what he calls "fractal chaos". The crisis reaches all levels -
- continents, nations, regions, neighborhoods, families.
As I argued in Virtual Geography (Indiana UP), the
communication vector allows power to be organized
independently of the old hierarchies of scale.

After the cold peace of nuclear standoff, this is an era of
"cruel little wars." Under the stress of global economic
liberalization, some states crack. The ruling class fends
off the anger of the subordinated classes with a divide
and rule strategy, diverting class war into ethnic war.
But what starts as a means of preserving power
becomes the ruins of all contending classes.

Confronted with the crack-up of one stressed state
after another, supra-national powers are paralyzed by
differing world views and calculations of national
interest. For Joxe, there is a difference between the
dominant American view of globalization as the
flattening out of political territories, and the European
view in which the emergence of economic globalization
calls for stronger trans-national forms of sovereignty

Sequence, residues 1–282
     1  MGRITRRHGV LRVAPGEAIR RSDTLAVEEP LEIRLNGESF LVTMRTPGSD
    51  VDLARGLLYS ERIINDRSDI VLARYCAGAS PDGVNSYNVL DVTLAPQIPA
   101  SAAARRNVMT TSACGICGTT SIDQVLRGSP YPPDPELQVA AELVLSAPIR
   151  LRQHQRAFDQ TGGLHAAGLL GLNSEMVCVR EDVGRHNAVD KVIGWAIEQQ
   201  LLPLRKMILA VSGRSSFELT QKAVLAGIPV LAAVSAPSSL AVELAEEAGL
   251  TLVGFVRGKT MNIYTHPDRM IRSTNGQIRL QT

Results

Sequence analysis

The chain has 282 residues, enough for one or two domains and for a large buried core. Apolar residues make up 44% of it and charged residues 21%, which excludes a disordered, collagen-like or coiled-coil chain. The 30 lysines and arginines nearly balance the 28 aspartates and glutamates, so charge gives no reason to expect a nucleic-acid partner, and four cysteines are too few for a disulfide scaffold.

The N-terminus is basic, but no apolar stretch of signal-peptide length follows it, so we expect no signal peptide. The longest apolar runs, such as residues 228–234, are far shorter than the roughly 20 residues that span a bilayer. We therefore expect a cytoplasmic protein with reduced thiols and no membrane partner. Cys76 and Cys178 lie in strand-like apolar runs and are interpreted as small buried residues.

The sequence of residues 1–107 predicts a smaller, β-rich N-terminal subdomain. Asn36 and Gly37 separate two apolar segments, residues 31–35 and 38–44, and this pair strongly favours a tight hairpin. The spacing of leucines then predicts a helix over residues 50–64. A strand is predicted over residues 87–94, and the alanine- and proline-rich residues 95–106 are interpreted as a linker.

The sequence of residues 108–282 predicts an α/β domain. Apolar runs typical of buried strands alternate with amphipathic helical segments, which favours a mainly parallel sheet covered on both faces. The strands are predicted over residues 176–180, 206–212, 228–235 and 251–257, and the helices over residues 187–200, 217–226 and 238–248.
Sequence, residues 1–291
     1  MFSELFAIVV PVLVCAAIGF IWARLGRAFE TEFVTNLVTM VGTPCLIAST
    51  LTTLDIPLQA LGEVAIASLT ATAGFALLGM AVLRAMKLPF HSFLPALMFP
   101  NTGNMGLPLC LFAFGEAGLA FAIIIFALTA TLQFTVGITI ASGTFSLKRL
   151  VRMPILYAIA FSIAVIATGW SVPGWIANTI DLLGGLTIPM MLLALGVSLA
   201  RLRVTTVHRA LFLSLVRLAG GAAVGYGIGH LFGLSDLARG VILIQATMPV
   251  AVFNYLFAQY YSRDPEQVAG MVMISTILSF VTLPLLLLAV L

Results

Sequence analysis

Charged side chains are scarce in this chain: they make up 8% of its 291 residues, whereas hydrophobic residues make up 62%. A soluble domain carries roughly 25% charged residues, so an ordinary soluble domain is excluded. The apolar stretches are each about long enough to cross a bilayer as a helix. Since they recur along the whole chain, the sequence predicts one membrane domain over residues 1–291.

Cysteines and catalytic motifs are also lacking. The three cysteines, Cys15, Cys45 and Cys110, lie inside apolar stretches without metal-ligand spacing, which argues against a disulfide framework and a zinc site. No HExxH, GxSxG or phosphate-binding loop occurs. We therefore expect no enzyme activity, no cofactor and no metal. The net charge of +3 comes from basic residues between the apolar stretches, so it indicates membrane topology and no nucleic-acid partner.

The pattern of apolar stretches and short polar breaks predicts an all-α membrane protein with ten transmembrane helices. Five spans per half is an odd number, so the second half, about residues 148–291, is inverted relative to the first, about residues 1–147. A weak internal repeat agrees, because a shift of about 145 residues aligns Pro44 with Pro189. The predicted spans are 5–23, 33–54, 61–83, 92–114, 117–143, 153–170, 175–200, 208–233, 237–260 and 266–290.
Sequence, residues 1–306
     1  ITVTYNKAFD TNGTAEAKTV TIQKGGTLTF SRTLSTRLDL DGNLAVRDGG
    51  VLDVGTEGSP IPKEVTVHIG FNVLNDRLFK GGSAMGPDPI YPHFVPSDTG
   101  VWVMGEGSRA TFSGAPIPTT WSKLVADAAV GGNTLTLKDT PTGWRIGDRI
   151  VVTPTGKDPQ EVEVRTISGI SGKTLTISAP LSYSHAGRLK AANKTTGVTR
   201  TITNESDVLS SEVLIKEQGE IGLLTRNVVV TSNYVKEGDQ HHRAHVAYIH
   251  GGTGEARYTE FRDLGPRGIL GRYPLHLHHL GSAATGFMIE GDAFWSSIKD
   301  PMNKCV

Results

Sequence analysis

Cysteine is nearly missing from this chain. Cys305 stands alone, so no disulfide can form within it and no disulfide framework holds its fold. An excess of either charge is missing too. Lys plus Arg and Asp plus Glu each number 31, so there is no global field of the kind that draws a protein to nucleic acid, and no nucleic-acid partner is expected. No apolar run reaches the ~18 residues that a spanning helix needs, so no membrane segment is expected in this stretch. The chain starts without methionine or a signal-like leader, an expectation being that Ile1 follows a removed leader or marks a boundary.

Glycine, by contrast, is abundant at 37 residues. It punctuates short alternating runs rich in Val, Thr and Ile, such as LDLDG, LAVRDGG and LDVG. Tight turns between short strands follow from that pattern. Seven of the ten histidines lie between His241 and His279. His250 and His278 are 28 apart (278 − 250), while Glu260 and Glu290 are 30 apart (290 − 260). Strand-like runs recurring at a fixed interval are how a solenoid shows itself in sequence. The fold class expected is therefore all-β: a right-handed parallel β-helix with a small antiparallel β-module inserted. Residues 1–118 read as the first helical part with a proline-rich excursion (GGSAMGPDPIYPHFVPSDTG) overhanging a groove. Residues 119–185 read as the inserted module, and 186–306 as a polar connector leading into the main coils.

and political identity, which might extend some form of
protection to citizens no longer protected by sovereign
states.

This global diplomatic gridlock has replaced the cold war
with a "frozen peace." Either there is a failure to
intervene, as in Rwanda, or a failure of intervention, as
in the Balkans. When tran-national interventions occur,
they are subject to "mission creep". The result is what
Joxe calls "non-Clauswitzian wars". Clausewitz's dictum
that war is the continuation of politics by other means
assumes there is some political calculation of interests
that drive military strategy. In the case of Somalia or
Bosnia, Joxe thinks it may be quite the other way